Social Safety in the Classroom


Teachers and students alike can agree that safety in the classroom must be ensured for there to be a positive learning environment. When safety is breached by either party, steps must be taken to be sure that a good environment is re-established. There was a recent incident here at PC in which a teacher breached the social safety of our students with the use of a racial slur.

Following the event, there was much discussion about how these incidents could be prevented in the future. There was also much speculation into how the school would “deal” with the teacher. A couple of days after the situation, Dr. Hedrick spoke to the students who were in the classroom when the situation occurred. In this meeting, several non-black students expressed that the teacher shouldn’t face serious repercussions (i.e. shouldn’t get fired). Many black students shared their frustrations with these less serious consequences because of the school systems history of dismissing the social safety of black students. It’s frustrating to me that non-black student voices seem to weigh more than black student voices. The school’s equity team, Catamount Connect, also conducted a meeting about this topic. At the meeting, many students of all races echoed the opinion that everyone should be outraged by the situation. They said that when an authoritative figure, in this case, a teacher,  uses such a word, it creates a negative classroom environment. Black students were given an opportunity to share their frustrations in the meeting. They expressed their annoyance towards the “everyone deserves a second chance” approach. Black people, whether in school or at work, are always being told to take the high road. They are told to wait out the situation and just tolerate. An authoritative figure whether it is a teacher, an administrator, or any faculty member makes such comments, firing them should be appropriate. A teacher has more of a responsibility to watch what they say because of their authority position. A teacher using a slur in the class is extremely harmful to minority student’s safety. If they feel comfortable doing this, their position should not be available to them.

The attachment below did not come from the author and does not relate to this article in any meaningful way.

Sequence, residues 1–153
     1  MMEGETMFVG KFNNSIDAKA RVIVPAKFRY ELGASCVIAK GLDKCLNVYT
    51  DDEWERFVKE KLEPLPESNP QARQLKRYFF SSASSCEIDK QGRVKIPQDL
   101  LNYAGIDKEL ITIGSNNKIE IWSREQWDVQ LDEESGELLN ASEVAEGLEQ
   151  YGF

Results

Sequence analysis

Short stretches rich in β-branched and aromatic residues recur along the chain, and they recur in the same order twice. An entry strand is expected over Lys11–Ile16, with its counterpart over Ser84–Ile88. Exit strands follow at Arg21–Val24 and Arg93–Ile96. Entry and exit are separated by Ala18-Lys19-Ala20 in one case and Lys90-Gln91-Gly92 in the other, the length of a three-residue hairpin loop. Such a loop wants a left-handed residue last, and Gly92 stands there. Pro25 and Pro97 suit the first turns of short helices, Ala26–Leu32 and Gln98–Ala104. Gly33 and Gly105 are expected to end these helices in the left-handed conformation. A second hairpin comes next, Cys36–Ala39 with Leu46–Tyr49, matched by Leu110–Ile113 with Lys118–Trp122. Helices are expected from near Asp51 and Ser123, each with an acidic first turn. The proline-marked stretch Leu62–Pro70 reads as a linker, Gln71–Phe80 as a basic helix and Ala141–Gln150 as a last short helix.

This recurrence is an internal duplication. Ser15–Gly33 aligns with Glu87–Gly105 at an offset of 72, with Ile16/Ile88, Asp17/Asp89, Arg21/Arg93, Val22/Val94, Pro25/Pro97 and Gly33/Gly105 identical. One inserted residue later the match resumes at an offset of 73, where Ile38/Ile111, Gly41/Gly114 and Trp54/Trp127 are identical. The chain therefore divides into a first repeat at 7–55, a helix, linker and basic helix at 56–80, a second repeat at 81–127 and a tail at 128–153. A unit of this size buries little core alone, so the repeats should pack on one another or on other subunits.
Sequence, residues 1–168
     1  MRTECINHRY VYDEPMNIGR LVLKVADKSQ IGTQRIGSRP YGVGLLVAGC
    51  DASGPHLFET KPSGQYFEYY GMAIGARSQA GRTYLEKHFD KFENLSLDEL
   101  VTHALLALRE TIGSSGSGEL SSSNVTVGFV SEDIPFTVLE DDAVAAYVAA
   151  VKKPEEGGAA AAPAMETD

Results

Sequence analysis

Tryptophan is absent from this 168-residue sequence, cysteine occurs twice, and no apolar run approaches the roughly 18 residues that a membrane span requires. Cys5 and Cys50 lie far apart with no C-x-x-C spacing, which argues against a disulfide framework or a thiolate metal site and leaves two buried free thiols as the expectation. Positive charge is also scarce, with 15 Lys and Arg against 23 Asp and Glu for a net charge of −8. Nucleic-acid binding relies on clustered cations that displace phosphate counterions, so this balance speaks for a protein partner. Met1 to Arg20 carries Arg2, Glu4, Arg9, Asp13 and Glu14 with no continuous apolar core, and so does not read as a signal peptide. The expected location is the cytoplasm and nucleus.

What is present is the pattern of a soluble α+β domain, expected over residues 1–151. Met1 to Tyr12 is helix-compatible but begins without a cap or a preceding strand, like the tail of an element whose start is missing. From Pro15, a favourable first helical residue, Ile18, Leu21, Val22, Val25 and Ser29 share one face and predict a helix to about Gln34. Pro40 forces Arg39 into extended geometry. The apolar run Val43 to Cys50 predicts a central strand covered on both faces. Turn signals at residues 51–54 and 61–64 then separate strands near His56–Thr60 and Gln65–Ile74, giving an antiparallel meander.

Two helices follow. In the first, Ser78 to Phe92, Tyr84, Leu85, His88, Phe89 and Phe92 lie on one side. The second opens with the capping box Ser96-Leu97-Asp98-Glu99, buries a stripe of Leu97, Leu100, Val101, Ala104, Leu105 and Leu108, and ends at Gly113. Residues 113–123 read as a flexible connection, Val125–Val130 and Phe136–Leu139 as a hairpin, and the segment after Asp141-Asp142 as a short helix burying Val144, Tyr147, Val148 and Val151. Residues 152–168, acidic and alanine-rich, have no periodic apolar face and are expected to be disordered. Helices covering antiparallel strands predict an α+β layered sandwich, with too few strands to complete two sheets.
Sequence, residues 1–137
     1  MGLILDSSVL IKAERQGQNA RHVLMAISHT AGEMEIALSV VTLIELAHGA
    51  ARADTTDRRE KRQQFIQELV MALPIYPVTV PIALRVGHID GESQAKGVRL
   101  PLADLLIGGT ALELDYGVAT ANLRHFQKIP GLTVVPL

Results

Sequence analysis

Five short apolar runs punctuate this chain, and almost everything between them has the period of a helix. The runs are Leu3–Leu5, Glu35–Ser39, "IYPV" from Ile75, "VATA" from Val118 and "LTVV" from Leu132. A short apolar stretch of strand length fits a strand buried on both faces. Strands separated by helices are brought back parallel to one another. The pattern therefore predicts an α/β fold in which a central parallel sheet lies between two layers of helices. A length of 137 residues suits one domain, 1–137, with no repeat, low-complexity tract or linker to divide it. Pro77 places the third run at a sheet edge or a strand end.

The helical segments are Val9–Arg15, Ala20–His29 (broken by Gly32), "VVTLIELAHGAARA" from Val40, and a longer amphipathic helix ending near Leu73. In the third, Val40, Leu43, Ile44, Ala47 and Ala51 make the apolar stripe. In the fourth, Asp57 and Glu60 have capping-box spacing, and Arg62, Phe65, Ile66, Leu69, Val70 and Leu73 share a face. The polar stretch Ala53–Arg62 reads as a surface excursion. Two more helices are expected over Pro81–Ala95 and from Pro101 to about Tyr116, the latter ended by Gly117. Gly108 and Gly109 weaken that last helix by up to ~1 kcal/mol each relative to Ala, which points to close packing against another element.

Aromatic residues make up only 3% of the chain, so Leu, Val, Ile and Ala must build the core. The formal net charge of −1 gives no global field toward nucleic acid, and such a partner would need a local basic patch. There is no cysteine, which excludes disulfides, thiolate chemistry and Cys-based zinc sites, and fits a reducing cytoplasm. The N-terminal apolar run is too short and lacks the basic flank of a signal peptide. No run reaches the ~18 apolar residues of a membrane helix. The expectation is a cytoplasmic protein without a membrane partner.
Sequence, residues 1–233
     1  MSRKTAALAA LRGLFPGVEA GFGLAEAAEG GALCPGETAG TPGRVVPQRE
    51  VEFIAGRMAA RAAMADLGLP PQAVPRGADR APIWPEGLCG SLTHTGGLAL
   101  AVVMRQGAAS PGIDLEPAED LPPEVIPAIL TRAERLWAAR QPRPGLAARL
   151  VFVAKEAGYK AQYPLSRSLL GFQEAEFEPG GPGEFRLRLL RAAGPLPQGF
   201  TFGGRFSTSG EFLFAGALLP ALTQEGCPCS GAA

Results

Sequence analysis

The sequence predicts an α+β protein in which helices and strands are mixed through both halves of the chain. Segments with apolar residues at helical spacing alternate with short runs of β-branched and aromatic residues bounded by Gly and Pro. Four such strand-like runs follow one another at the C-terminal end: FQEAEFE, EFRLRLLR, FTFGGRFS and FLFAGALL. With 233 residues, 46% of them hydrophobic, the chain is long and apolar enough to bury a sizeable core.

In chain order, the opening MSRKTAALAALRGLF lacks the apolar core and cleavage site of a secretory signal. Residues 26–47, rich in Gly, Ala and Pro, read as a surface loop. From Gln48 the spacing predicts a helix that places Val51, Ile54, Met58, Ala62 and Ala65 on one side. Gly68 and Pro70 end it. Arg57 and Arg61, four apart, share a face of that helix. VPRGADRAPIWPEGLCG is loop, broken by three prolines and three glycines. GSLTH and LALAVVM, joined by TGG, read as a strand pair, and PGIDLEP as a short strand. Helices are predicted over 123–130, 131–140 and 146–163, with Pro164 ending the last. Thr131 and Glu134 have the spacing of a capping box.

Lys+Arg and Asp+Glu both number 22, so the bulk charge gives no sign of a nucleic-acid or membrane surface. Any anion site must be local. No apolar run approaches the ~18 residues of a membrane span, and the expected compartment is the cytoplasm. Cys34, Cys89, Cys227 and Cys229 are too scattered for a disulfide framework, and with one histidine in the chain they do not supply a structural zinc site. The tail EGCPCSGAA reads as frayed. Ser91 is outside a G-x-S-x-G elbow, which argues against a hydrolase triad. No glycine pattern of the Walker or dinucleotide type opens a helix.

In recent years, there have been many organizations bringing awareness to racism in formal settings (such as schools and workplaces). Yet, when discussing social safety, the situation often isn’t taken seriously if the victim is a minority student. Unfortunately, these victims tend to face more consequences than the antagonist. In the classroom, when authority figures use racial slurs, the targeted students will either withdraw or challenge authority.  This occurs not only the classroom but as well as other formal settings. Jemele Hill was under fire several times when she made political comments relating to sports. “Jerry Jones also has created a problem for his players, specifically the black ones. If they don’t kneel, some will see them as sellouts,” said Hill after Jerry Jones stated that any player who “disrespects the flag” will not play. Hill faced a 2-week suspension (& there were no consequences for Jones). That’s only a single example from the plethora of situations in which she has been suspended, silenced, and threatened to lose her job by her employers. Shortly after the last incident, Jemele Hill left her position at ESPN to join The Atlantic. Another popular example is of Colin Kaepernick. Colin Kaepernick was known for kneeling during the anthem. It was his way of protesting racial injustices black people face in America.  This cost him his job and other opportunities to get signed.  

The fact of the matter is, when a group of people’s safety is not valued, their concerns don’t matter to authority. When victims (in this case, black people) speak of the racial injustice they face in formal settings, they often deal with the repercussions instead of the aggressors facing consequences.